On “time and chance”

On “time and chance”

Here’s a thought.

You meet someone you really like and want desperately to be “the one” (notice I said “want” and not “need” – until the other party agrees the general consensus is – whether people actually say so or not – is that it’s “want” and not “need” – but once both parties agree to be a couple it magically turns to need – this is an over simplification on my part, but it’s an idea that should be explored further with respect to infatuation/obsession which are undesirable “traits” of course).

I digress. So you want this person to be “the one” (or well, you might also feel/know this person is the one), but he/she says no.

You feel you are heartbroken (or something akin to it – or maybe it’s just unfulfilled/frustrated desires and nothing else), but people (both sexes, all religions) say it’s OK, move on, there are many fishes in the sea.

All fine and dandy.

But if that’s the case, why do (the same) people then expect (or hold the view/idea) that the ceremonies of one single day (wedding) with its attendant exchange of vows (during which time you could have got the couple to say almost anything with their emotions running wild and them being on euphoric “highs”) would automatically or magically change that view/belief?

In short one could argue that this view is predicated on the idea that while a person is single it’s OK to believe that people weren’t meant to be faithful to one partner for life but once we eat the jollof rice, that believe must magically change to the opposite? (I know I am exaggerating/over simplifying things – again :-). Human beings aren’t that simple and believes don’t change that easily – just because you recite some words – even religion has had a hard time of it, otherwise we should all be saints but as I was once told (correctly), “there are no saints anywhere”.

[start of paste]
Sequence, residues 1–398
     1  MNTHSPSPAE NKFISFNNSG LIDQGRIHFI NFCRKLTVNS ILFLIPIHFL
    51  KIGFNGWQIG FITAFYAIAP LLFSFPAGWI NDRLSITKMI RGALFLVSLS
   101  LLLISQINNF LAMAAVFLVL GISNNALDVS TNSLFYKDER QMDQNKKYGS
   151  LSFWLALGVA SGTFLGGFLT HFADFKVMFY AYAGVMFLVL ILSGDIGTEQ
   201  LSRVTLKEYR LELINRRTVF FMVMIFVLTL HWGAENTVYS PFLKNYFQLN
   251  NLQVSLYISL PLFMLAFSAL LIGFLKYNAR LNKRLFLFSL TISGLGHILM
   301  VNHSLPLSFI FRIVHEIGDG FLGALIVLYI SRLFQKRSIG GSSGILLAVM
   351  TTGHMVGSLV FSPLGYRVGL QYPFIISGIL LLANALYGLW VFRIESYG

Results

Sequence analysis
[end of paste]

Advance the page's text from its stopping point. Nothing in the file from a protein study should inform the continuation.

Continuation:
The point I am making is that people are “confused” if they (and that’s largely the case) support the above position. You can’t say you believe there’s “the one” for everybody out there and then believe as well that there are many fishes in the ocean (I tend to go with the latter position from a point of view of “time and chance” may ultimately determine who you end up with).

So “we” must choose one. Either:

1. We are not meant to be with one partner for life; there’s nothing like “the one”; and there are many fishes in the ocean,

2. Or, there’s indeed “the one”; and you can be lucky enough to find him/her; and you are expected to be with the person for life.

Thinking about the above a little more, I guess we can add a third possibility or a subgroup of possibility “2” above, which is:

3. If you don’t meet “the one”, then you might not remain (or are under no obligation to remain) with one partner for life.

The issue with 3 of course is that it’s likely to be abused – people are going to use it as justification for everything from emotional laziness (not willing to put in the work when things get rough or the initial spark cools) to just plain sampling something new based on purely animalistic urges (men more than women). Thus, this third possibility will open a Pandora’s box (which we have already been toying with for quite a while going by the rate of divorce and unfaithfulness in the society).

(Personally, my religious self prefers option 2 while thinking 1 and 3 are akin to blasphemy just the same way that the good book says that “God rules in the affairs of men” while mentioning somewhere else that “time and chance” happens to all men and women.)

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4:30AM “rant”. Will (realistically probably not) return to it some day ┬áto explore the subject in more details.

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